Taking on a partner just for the financial resources he can bring into the business, can be a very expensive experience in the long run. Although very attractive in the initial stages of the operations, over the years such financing arrangement may start to appear as a heavy burden to bear.
The partner would want a fair return for his investment which would normally be higher than current bank interest rates in view of the inherent risks to this capital. What is more, since he is sharing in the risks of the venture, he may also request that he shares in the decision making process which you may consider as unacceptable interference.
If the business proposal is backed by a solid business plan we would suggest bank finance as a better alternative for the following major reasons:
- It has a predetermined cost in the form of bank interest.
- Such cost is normally cheaper than what an investor would expect.
- Once the bank finance is repaid, you will have regained full ownership of your operations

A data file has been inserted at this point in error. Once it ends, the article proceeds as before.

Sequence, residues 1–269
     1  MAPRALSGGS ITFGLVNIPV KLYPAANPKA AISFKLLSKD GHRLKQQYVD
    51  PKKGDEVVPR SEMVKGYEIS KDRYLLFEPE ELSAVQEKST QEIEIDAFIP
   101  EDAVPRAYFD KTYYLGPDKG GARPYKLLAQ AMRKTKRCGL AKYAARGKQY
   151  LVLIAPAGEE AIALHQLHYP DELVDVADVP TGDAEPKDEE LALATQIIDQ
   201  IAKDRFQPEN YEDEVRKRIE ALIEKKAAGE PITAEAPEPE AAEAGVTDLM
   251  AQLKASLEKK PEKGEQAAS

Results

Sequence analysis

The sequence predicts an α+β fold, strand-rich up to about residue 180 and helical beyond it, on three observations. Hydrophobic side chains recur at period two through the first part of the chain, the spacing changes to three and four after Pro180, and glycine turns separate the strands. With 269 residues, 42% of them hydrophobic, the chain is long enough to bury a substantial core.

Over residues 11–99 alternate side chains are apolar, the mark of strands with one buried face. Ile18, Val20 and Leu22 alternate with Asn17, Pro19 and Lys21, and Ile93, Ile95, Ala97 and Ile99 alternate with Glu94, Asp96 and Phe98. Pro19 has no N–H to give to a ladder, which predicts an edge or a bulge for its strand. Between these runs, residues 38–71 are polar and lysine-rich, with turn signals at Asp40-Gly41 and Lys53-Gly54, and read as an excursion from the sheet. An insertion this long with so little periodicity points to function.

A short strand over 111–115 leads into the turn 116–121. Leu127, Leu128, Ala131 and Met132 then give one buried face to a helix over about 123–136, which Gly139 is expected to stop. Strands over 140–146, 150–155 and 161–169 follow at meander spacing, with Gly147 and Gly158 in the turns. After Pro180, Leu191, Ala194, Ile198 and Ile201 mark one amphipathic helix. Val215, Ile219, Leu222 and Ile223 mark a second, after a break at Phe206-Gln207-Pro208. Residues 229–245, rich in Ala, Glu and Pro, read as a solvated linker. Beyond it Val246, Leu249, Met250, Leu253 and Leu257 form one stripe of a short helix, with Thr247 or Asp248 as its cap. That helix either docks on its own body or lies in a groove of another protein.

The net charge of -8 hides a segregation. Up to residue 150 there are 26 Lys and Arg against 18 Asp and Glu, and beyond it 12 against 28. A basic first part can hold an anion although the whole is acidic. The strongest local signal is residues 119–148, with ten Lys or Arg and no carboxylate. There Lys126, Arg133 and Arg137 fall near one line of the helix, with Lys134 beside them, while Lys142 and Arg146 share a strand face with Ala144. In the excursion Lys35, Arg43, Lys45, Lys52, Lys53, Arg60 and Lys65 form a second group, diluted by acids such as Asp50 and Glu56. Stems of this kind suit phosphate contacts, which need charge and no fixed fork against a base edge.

- Banks normally do not get involved in your day to day business decision process.
That said, however, all this also depends on your credit capacity, that is the maximum amount you can possible borrow. It also depends on the vision and strategic objectives of your company. If you are looking at a growth strategy, than you will probably have to trade-off a certain amount of control for the cash injection by taking on a partner. At the end the returns on your investment should not diminish if your home work is right. Be careful however with interpersonal and culture issues.